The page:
Then we’re told: “Jesus looked at him and loved him.” Yes, our Savior has compassion on all humans because we’re all delusional. None of us are totally honest with ourselves, others, or God. We hide our selfish motivation and think no one, including God, sees the ego-driven agenda behind what we do. But, Jesus came to seek, save, and help people just like that, people just like us. So, He goes on to ask another haunting question to reveal this young man’s hypocrisy. “One thing you lack, Go, sell everything you have and give to the poor, and you will have treasure in heaven. Then come, follow me.”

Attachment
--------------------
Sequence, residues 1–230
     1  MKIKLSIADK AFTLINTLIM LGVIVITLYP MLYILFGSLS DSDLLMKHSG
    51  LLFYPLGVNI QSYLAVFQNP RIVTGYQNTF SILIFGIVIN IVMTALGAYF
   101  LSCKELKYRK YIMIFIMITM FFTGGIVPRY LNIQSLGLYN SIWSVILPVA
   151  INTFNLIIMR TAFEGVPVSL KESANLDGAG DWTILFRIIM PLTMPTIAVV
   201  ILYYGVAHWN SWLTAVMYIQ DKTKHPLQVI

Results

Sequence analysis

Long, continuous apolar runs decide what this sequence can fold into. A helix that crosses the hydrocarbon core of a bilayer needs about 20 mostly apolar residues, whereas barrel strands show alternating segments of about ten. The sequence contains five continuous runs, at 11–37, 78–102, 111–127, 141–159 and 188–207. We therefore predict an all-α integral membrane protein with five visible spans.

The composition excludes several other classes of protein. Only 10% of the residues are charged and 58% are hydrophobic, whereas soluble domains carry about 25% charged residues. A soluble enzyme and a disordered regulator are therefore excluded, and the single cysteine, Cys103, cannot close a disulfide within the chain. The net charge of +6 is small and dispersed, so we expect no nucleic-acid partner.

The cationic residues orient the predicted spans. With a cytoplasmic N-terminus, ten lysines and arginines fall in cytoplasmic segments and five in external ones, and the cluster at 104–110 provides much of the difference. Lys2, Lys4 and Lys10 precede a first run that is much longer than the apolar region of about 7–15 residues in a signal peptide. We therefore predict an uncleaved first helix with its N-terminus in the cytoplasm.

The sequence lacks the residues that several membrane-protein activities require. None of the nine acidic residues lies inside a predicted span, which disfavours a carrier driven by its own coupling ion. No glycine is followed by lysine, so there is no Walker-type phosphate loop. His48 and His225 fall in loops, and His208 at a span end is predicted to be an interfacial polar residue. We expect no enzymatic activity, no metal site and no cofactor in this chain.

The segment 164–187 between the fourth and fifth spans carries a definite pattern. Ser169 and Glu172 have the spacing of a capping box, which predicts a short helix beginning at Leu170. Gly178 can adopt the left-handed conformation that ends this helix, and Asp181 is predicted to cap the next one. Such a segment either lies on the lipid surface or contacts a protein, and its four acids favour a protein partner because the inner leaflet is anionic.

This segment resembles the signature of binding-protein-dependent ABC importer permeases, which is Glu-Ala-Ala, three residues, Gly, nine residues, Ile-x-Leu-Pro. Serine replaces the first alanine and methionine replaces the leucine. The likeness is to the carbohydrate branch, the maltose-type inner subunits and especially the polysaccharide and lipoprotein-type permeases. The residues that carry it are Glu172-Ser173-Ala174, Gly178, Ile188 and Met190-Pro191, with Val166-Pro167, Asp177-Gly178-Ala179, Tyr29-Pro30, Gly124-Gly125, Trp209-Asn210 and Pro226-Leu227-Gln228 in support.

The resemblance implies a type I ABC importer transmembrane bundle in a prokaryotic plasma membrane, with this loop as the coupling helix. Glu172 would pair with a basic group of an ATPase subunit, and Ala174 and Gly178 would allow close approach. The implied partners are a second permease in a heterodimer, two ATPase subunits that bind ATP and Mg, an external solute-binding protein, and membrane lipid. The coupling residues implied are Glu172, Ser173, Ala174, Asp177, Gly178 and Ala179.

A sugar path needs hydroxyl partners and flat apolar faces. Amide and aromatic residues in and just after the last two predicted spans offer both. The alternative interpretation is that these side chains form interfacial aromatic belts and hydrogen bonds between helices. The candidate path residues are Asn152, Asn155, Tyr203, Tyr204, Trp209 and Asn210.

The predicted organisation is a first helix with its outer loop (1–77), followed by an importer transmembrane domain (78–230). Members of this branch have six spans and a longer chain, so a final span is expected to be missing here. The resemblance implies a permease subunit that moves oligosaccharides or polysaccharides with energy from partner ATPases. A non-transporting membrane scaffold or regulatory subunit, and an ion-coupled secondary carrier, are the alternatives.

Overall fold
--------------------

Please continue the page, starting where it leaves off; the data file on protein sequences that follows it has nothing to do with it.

“At this the man’s face fell. He went away sad, because he had great wealth.” Elsewhere Christ says: “For where your treasure is, there your heart will be also.” This young man was what we could call: a doer. And you should recognize him because he’s you and me. In fact, all people are doers from birth. We naturally do for others not out of free love but to get something back in return. We think of life in terms of doing something that society labels “a good deed” and then receiving some sort of recompense in return. After all, that’s the way the world works, isn’t it? No one gives you something for nothing. We learn that from babyhood on. This young man is so immersed in that attitude that he has externalized his entire life into a series of deeds that he, at least, believes he has kept and done. But, Jesus is primarily concerned about his heart and his attitude. “For where your treasure is, there your heart will be also.” So, Jesus hits him where it hurts the most—in his rich man’s wallet, in his human wealth. “Give it all up and follow me.”